The Exfoliative Cytology of Diffuse Maligant Mesothelioma

that is real, for without doubt … The final diagnosis was diffuse malignant peritoneal mesothelioma. The smears were ….

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In six cases of pleural and one of peritoneal mesothelioma it is shown that the abnormal cells of the effusions are of mesothelial type, and are exfoliated tumour cells. These observations afford further proof that diffuse malignant mesothelioma is an entity.
Case 1. A man aged 47 had a pleural effusion which was detected by routine X-ray of the chest. He had no symptoms. Smears of the pleural fluid were reported as negative for tumour cells. At thoracotomy the visceral and parietal pleura was studded with innumerable warty excrescences, diagnosed microscopically as malignant mesothelioma (fig. 1). The patient died 2 yr later; there was no necropsy.
This was the first mesothelioma encountered in the series. Cytologically it was the most differentiated, with the cells in the smears resembling greatly enlarged benign mesothelial cells. It was not until the diagnosis of mesothelioma had been made on the tissue that the possibility was considered that these apparently benign mesothelial cells were, in fact, cancerous.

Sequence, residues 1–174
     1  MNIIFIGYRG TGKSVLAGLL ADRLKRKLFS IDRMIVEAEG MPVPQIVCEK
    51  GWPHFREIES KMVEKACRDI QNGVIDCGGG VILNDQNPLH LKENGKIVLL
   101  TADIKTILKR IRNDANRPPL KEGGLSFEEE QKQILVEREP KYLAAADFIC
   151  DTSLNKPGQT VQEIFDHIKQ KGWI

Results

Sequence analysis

Case 2. A man aged 65 had a pleural effusion, which was detected by routine X-ray of the chest. He had no symptoms. Smears of the pleural fluid were reported as malignant mesothelioma or extreme mesothelial hyperpksia, probably the former. The needle biopsy specimen of pleura was interpreted as highly suspicious for malignant neoplasm. A year later X-ray examination of the chest revealed numerous bilateral peripheral nodular masses. During the next 3 yr both lung fields became obscured by neoplasm. The patient died 4 yr after the discovery of the pleural effusion; there was no necropsy.
Though no satisfactory tissue specimen was ever obtained, there was no doubt, from the radiological findings and clinical course, that the patient had cancer involving the pleura. Significantly, the pleural fluid had the colour and consistence of honey, qualities that have been described in association with diffuse malignant mesothelioma (Meyer and Chaffee, 1939; Truedsson, 1951-52).

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